Suburban high schools flock to TeamDance championships in Peoria
Poms, flag teams and dancers from more than 100 high schools throughout Illinois are converging on the Peoria Civic Center today for one of prep sports' most colorful state championships.
But if you think "best in poms" means a traditional halftime routine, think again. Just the name of the sanctioning organization -- TeamDance Illinois -- reflects the trend.
"The routines continue to get harder, almost to the level of college dance teams, with more students coming in with extensive dance training," says Jane Richards, the Fremd High School poms coach and a former director with TeamDance Illinois.
In all, more than 2,000 students will be competing, as they showcase the best dance, flag and poms routines from throughout the state.
Joni May, TDI executive director, said TeamDance made it tougher for teams to qualify for the state championships this year, expecting that while fewer teams would qualify, those teams would be even better.
Instead, May said, TDI saw an overall rise in the level of growth and development, and this year's state championship is the same size as last year's.
"We attribute part of this to the tremendous effort our students have put into developing themselves," May said, "and also the time our coaches have spent coming to coaching classes and developing themselves as coaches over the past five years."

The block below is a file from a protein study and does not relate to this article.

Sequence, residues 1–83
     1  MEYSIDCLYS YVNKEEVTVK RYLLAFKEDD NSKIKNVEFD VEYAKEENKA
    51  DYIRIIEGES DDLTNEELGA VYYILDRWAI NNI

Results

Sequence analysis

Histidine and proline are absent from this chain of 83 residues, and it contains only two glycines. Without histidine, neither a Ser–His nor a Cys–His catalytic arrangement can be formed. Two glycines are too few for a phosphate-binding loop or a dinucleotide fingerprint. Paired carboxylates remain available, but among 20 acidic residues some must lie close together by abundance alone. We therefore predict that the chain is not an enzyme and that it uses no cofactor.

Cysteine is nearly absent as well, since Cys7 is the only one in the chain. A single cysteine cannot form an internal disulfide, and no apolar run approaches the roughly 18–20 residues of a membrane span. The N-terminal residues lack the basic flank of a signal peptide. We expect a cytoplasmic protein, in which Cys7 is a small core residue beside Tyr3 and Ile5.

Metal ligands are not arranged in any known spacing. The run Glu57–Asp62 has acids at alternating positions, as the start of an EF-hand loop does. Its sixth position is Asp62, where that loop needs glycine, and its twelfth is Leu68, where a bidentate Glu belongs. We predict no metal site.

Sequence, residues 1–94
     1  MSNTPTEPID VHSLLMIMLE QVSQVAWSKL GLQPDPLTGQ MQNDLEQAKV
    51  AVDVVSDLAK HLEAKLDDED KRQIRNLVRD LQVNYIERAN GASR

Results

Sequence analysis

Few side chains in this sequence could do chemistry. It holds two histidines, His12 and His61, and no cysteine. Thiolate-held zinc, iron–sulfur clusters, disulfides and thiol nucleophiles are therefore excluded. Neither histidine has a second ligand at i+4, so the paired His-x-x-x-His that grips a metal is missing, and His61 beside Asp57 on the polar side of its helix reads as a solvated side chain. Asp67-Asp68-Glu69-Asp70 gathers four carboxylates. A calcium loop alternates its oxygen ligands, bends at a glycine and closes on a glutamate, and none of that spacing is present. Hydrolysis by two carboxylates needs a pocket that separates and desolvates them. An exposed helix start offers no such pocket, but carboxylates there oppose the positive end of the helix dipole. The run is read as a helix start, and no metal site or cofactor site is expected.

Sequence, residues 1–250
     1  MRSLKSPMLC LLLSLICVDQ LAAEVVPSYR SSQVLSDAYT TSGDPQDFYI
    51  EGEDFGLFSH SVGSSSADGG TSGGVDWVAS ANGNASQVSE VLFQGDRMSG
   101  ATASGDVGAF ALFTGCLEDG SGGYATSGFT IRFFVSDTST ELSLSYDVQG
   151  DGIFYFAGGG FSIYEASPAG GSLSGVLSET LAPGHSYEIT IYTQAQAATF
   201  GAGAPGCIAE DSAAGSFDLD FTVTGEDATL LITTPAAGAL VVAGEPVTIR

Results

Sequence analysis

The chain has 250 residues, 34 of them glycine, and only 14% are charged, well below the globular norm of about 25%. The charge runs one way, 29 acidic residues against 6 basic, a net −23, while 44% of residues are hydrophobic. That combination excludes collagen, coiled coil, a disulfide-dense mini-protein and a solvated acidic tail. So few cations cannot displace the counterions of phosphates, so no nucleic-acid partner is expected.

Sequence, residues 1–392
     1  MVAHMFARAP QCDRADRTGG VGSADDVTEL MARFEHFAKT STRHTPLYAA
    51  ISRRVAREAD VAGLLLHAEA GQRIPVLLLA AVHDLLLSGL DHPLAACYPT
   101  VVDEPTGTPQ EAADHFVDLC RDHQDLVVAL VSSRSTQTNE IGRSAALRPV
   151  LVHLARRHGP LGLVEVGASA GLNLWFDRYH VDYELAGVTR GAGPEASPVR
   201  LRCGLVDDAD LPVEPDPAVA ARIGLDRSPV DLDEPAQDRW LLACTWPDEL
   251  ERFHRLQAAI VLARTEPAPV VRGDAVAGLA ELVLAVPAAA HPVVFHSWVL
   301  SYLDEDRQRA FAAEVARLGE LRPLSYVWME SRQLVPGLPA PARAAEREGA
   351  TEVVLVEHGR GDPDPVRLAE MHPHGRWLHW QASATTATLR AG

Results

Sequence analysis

The championship goes from morning til night, moving between hip hop, kick, lyrical, open dance, and poms, in divisions determined by the size of the school. The costumes are colorful and elaborate, and the music is loud and fun.
The competition also takes in the flag championships, with teams competing in tall, short and lyrical flag categories.
The Lake Park High School Lancettes are on a mission to return to the medal podium, since they won the Lyrical title in 2009, but failed to place last year. They advanced in both the AAA Lyrical and Open Dance categories this year, after earning the highest technical marks in both qualifying competitions.
"This year, we made a change in our training," says coach Stephanie Hageman. "The girls took team ballet classes to not only improve their technique as individuals, but to elevate the technical standard of the whole team."
Fremd High School also has placed first all season with its poms routine, and they enter today's championships as top contenders. Part of the appeal of their routine is their music. They dance to the Broadway recording of "Defying Gravity" from the hit musical, "Wicked."
"We look for music that keeps them interested -- and energized," Richards says.
Hip hop may be the most hotly contested category, with 37 teams qualifying, the most of any division.
"The hip-hop number is all about intensity," said Wheaton North senior Gianna Bianco. "It's got an intimidating sound, and we have to show that intensity on our faces."
Flag teams, including short, tall and lyrical divisions, let their creativity show with the design of their flags and their costumes, while carrying out difficult choreography and dance moves.
Palatine High School's varsity flag team decorated their silks themselves, cutting out hearts, spades, diamonds and clubs, to match their routine built around Lady Gaga's, "Poker Face."
Rolling Meadows High School's Lyrical routine features the song, "Glitter in the Air" by Pink, while its short flag routine showcases "Your Call," by Secondhand Serenade.
Rolling Meadows Coach Christopher Buti expects the flags competitions to be tight. There are not as many teams involved as in dance and poms, but those that make it are highly skilled, he says.
"They all work in tandem with the complex drill maneuvers, intricate flag choreography and dance," Buti says. "It should be a great competition."